0345 811 9595

Mon-Fri 9am to 5.30pm

Under a new law expected to be announced in the Queen's Speech, drug-driving in England, Scotland and Wales could become a specific offence with a jail term and fine. For those of you, like myself, that thought that it already was will be surprised to find out that motorists under the influence of drugs can only currently be prosecuted for being behind the wheel if police can prove their driving has been impaired.

And that is not as easy as it sounds.

But under the proposed legislation, drug-driving will be become a specific offence, punishable by up to six months in prison and a £5,000 fine, along with an automatic driving ban of at least 12 months.

Coming off the back of what could be construed as one of the worst week’s of his Prime Ministerial ‘reign’,  David Cameron said it "simply can't be right" that the laws are not already there to punish drug drivers properly.

"We want to do for drug-driving what drink-driving laws have done for driving under the influence of alcohol. That's why we're doing what we can to get ‘drugalysers’ rolled out more quickly. And this week we'll publish a new drug-driving offence so that driving under the influence of drugs itself is a crime, just like it is for drink driving."

Police will be kitted out with handheld drug detection devices, the so-called ‘drugalysers’, which will take a saliva sample, as well as a breathalyser to test those drivers suspected of offending – and these machined should be available from the Home Office by the end of the year.

The machines are expected to receive approval from the Home Office by the end of the year, and the government think that these, together with the law change, will make it easier for police to prosecute drug-drivers

Road Safety Minister Mike Penning explained that the reason that it had taken so long to get this law brought in was the lack of any credible testing devices, which had made testing “very complicated”, but that now technology had moved on.

"What we are saying is drug-driving is blighting this country and people are being killed and seriously injured on a regular basis. We don't know exactly how many because we're not testing correctly so bring the technology through, give the police the powers and remove this blight."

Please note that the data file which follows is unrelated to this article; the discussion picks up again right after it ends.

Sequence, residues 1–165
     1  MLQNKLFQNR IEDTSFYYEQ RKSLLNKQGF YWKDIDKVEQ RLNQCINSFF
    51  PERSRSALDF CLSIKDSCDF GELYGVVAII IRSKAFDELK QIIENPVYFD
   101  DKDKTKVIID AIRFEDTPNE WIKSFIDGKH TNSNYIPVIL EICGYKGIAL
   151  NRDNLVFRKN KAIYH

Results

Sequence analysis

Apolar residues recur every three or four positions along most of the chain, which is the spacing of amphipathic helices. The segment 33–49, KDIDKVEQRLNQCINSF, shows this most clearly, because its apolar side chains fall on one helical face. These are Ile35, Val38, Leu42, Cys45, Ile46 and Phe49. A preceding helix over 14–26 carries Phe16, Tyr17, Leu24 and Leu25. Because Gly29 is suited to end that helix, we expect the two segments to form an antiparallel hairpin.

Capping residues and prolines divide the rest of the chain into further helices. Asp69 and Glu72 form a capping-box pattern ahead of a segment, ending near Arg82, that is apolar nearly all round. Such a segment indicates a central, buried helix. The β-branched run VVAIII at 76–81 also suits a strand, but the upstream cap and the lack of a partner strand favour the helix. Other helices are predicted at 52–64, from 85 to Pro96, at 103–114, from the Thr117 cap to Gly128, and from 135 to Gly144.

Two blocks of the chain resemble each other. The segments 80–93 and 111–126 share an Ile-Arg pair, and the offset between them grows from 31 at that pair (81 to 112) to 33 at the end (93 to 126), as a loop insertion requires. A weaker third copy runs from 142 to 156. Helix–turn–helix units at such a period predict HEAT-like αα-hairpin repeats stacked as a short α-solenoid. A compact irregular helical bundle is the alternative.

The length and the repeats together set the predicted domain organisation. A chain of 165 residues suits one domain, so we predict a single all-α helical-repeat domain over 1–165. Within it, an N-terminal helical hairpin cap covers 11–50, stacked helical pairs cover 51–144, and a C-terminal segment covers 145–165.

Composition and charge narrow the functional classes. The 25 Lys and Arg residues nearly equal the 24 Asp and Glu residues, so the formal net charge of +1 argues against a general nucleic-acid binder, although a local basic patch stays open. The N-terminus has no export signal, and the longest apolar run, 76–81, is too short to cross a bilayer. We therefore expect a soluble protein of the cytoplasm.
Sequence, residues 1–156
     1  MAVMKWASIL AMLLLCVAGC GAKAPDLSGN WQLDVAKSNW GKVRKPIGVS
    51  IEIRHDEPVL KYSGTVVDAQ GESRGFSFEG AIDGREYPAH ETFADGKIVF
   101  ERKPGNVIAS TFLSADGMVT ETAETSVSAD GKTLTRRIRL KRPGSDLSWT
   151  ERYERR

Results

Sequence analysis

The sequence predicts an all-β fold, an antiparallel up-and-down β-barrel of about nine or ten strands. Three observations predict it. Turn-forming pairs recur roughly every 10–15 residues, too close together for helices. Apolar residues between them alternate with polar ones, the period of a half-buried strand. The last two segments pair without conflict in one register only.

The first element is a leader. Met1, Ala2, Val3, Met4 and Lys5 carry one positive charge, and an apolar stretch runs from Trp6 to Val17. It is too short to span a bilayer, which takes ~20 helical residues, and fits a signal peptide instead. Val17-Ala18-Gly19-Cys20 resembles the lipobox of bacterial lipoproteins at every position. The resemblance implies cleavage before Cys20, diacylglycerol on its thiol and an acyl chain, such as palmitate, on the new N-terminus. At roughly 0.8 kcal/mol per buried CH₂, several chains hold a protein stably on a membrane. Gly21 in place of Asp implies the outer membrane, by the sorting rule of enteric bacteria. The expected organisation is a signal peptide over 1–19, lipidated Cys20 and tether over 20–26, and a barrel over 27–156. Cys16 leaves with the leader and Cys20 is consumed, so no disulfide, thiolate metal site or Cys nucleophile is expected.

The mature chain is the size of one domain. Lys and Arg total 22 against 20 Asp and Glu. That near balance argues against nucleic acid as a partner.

He added that this technology was already in use in Germany, Spain and Australia although a scientific review panel was currently looking at what drugs the devices would test for. This would help the government specify exactly what drugs would be covered by the offence.

"You'll be tested for drink first because, that's the natural assumption, that if a policeman thinks you're impaired, he'll test you for drink," said Mr Penning. "If you pass that and he still thinks you're impaired, he's actually going to take a saliva swab from you at the side of the road so we're going to replicate what happens with drink for all the legislation going all the way through."

Road safety charity group Brake recently released research that suggested more than 10% of 17-24 year olds had driven shortly after taking illegal drugs last year and were taking "an appalling gamble with their own and others' lives".

"We need the government to follow through with its commitment to tackle this problem," said the group's senior campaigns officer Ellen Booth. "For too long the law on drug-driving has been totally inadequate.

But what studies have there been into the effects of drug-taking on a driver’s ability to perform to a legal standard behind the wheel? Not too many.

  • A recent study in Canada found that drivers who use cannabis up to three hours before driving are twice as likely to cause a collision as those not under the influence of drugs or alcohol. This is because cannabis impairs brain and motor functions needed for safe driving, the researchers suggest. The UK government also believes that use of the drug impairs co-ordination, visual perception, tracking and vigilance.
  • According to the British Medical Association, experimental studies suggest high doses of amphetamines increase risk-taking and dangerous driving behaviour - such as speeding; perhaps an unfortunate phrase when talking about amphetamines.
  • Cocaine use apparently impairs drivers when the drug is taken in high doses and during withdrawal periods.
  • Ecstasy, meanwhile, is thought to cause blurred vision and poor judgement, while anti-depressant drugs can lead to slow reactions and an inability to maintain concentration.
  • There is also the added problem of the effects of legal, prescription medication which can also have a negative impact on driving, and combining several drugs or mixing them with alcohol complicates their effects.

At the moment, suspected drug drivers are required to undertake five exercises to assess their ability to drive, including counting out 30 seconds and walking in a straight line. Drivers may also be asked to balance on one leg, touch their nose with the tip of their finger and walk heel-to-toe along a straight line. Suspects who are arrested can be obliged to be examined by a doctor and to provide a blood test.

Hopefully, as a personal opinion, I hope that it will be a zero tolerance drugs policy rather than limits, as Brake and others want. In Western Australia, where zero tolerance has been adopted, it has proved to be "simple, straightforward, relatively quick to administer, and unambiguous".

And the roads a lot safer.